Backman’s use of chapters with descriptive summary titles recalls traditional novels such as Fielding’s Joseph Andrews or Tom Jones. Ove may be fifty-nine when first we meet him, but, in many ways, he is almost as naïve as Joseph Andrews. Further, Backman’s handling of free indirect discourse is masterly in allowing us to see things through Ove’s eyes while also invoking a subtle, understanding irony. We understand more than he does. We, like Ove’s new neighbour Parveneh, understand him a little better than he understands himself. This is a book that celebrates the good that is in us all, reminds us of the many faces of love, and argues that life is worth living.



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Remembering: Lynn Barber’s An Education

Barber, Lynn. An Education. Penguin, 2009.

I thought I had posted about this book when I first read it a few years ago. I was mistaken. Some of you may have seen the film of the same name starring Carey Mulligan, scripted by Nick Hornby, and directed by Lone Scherfig. The source for that film was one section of the book which had its beginnings as a short piece for Granta in 2003. As an aside, I might comment again on how well short pieces as opposed to novels adapt well to full length movies. I still think John Huston’s 1987 movie of The Dead starring his daughter Angelica is one of the most satisfying adaptations I’ve seen. But to return to An Education.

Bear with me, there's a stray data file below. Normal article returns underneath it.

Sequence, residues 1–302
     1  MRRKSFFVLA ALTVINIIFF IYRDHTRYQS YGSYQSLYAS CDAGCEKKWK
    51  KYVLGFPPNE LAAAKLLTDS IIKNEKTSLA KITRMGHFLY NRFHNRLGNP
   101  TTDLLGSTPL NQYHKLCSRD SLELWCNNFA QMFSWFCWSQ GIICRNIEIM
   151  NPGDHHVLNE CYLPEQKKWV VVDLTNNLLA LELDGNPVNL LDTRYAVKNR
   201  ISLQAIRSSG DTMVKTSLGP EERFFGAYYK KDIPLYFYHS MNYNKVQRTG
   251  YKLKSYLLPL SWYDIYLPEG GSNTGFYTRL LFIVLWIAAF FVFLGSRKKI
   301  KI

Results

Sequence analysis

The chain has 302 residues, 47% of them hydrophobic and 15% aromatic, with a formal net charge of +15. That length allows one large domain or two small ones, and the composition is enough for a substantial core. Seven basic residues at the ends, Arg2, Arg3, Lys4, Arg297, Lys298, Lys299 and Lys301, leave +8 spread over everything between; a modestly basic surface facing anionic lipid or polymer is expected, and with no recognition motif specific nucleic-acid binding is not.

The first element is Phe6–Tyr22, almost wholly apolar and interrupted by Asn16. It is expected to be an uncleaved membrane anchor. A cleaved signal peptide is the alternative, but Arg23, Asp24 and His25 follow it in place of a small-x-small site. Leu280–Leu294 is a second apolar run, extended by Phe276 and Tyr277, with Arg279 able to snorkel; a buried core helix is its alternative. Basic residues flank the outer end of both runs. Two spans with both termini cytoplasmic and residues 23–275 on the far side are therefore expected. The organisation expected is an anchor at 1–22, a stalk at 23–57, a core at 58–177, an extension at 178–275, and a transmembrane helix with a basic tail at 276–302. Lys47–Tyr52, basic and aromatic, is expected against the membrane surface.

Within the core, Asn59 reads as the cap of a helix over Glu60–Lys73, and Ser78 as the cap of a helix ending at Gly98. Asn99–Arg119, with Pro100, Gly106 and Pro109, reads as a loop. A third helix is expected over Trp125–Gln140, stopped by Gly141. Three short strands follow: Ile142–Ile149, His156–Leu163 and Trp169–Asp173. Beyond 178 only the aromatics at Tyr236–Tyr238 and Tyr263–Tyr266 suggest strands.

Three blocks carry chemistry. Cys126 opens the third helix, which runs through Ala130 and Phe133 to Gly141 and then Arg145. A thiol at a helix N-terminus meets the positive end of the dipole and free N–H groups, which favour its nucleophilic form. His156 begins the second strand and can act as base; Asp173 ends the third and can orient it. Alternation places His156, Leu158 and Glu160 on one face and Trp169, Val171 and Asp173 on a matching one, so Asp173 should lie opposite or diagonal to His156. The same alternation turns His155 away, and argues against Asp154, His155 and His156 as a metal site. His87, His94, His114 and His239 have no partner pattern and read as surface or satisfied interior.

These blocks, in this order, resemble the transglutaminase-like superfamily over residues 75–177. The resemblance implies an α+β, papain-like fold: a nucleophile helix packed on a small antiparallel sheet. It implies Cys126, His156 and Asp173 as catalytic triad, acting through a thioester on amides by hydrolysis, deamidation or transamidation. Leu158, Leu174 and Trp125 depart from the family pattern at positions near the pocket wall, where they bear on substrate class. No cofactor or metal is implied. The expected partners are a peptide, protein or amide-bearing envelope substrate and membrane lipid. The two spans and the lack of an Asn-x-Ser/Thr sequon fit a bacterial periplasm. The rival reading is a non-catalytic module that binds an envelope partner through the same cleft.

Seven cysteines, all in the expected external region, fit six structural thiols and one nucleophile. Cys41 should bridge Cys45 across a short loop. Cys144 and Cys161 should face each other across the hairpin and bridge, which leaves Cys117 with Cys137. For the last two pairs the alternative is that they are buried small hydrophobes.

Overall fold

“An Education” is just one piece in the whole collection of nine essays that together comprise a memoir focussing on highlights of Barber’s life from her childhood to the death of her husband David in 2003. Barber reveals herself as a person able to look at herself in the mirror and be honest about herself, even admitting  at the very beginning that her “memory is not to be trusted” (6). Such candour is refreshing.

Perhaps for most people, the period of her relationship with Simon Goldman (not his real name) may well be the most fascinating because it certainly wasn’t usual for “a conventional Twickenham schoolgirl” to run “around London nightclubs with a conman” (2). I suspect it still isn’t a very common occurrence. Barber’s summation of the effect that relationship had on her is succinct. Simon Goldman taught her “that other people—even when you think you know them well are ultimately unknowable.” While admitting that such knowledge made her a good interviewer, it also made her “too wary, too cautious, too ungiving . . . . and damaged” (55-56).